Translated it is “And god said let there be light, and there was light.” This is a window of light telling the story of the light of Christianity coming to Whithorn and Scotland. In Gothic tracery the separate vertical or circular panels of stained glass are also called ‘lights’.

Below, in the left light, Whall depicts the landing in Scotland of St Margaret from a ship with a dragon-shaped prow. She is welcomed by her future husband, Malcom Canmore.

The central light is devoted to St Ninian.

He is shown examining the plan for Whithorn’s first church. Standing on his right is a Roman master builder and to his left, natives of Galloway, perhaps warriors from a local tribe as they carry spears. The inscription below the group reads:


Above St. Ninian is a Norman arched doorway of a new church, still being built with a workman climbing scaffolding. On the golden doorway, flanked by The Tree of Life, is the miracle of St Martin on horseback giving his cloak to a naked beggar. As Whall noted, St Martin of Tours was said to be St Ninian’s teacher. In the archway above this is a small figure of Christ displaying the cloak.

The window to the right depicts another arrival, the landing of St Columba on the Isle of Iona.


(Staint Columba arrives at Iona.)

His ship has the figure head of a pelican symbolising love and self-sacrifice. Figures are shown praising and welcoming the saint; some clambering over rocks to meet him.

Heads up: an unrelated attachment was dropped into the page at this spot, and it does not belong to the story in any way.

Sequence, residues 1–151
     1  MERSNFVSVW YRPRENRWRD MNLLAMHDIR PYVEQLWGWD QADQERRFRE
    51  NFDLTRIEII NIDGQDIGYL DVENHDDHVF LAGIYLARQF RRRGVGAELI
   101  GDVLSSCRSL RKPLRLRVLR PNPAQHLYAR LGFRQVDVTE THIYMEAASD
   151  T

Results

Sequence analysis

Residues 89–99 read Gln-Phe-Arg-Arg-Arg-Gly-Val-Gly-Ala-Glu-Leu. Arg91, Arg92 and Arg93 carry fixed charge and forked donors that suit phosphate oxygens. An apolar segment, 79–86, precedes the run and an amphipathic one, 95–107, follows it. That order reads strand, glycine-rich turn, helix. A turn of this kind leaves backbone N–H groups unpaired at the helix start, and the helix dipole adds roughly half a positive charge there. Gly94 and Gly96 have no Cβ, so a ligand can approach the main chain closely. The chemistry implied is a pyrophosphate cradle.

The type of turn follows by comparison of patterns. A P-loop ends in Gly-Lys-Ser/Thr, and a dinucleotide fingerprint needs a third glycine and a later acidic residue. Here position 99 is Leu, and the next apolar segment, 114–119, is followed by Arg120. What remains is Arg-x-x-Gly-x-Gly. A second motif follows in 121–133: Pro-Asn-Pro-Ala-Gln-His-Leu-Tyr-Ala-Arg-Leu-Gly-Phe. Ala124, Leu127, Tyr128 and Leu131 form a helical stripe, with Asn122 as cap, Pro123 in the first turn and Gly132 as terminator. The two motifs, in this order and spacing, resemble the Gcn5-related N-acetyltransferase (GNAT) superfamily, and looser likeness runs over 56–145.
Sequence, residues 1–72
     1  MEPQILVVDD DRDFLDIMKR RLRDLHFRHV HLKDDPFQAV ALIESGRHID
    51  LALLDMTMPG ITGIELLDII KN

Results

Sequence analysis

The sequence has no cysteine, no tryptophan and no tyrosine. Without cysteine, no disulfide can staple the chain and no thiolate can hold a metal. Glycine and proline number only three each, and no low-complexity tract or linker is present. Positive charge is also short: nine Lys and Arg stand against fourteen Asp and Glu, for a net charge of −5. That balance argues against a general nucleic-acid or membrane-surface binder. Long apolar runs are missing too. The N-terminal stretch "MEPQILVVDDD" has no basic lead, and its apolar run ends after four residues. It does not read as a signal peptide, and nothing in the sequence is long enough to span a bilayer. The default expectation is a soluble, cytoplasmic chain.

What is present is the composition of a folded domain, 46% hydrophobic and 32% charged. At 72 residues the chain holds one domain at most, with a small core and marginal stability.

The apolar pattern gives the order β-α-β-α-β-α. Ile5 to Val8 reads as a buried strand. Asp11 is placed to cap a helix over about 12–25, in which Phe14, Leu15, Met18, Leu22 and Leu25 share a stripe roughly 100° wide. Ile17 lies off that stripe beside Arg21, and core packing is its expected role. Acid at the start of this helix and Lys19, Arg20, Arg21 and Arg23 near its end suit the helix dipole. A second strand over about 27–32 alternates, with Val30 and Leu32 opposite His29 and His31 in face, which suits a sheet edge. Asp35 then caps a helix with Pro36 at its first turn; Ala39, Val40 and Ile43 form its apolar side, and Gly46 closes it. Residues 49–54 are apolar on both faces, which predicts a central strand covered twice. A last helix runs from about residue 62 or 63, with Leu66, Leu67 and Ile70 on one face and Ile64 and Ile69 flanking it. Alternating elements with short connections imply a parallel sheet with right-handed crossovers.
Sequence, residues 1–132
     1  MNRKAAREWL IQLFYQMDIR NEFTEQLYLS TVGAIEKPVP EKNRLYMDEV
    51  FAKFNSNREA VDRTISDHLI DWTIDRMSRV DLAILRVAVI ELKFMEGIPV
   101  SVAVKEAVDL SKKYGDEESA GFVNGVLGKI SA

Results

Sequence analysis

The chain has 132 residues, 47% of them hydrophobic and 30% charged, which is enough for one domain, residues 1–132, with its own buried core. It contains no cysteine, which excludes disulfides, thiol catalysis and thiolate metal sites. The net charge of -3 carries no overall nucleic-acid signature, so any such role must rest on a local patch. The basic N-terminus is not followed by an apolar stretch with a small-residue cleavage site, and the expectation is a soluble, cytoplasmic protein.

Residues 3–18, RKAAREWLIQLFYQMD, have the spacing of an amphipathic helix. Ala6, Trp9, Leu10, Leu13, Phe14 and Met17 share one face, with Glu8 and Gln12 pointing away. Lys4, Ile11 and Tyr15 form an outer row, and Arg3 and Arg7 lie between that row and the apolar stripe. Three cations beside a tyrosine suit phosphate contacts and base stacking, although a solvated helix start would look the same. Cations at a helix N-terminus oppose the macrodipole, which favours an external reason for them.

The lower lights, on either side of St. Ninian, narrate two of his miracles. A young monk who tried to flee in a coracle, was only rescued when St Ninian’s staff turned into a mast and sail that carried him to land where he planted the staff in the ground and it turned into a tree.


To the right, a young monk sent out in winter to the monastery garden to gather food for guests of St. Ninian, finds it suddenly yielding an abundance of vegetables and fruit.


Both miracles are beautifully imagined with a wealth of fine detail, from the seaweed on the shore to the leeks, onions, cauliflower and apples in the garden. After Whall’s death, his daughter Veonica, who was also a stained glass artist, visited Sobie and declared this to be one of his finest works. The window is also a fine gift to Sorbie from Dame Mary Ann McEacharn in memory of her husband.

One of Whall’s pupils was Douglas Strachan. In 1922 Strachan was commissioned to create the stained glass for the windows of St Margaret’s Chapel in Edinburgh Castle. His aged figure of St Ninian is quite different from Whall’s but the deep colour and wealth of detail clearly show his teacher’s influence. A fine copy of this window was made by the stained glass artist Richard Leclerc for the Whithorn Story Exhibition.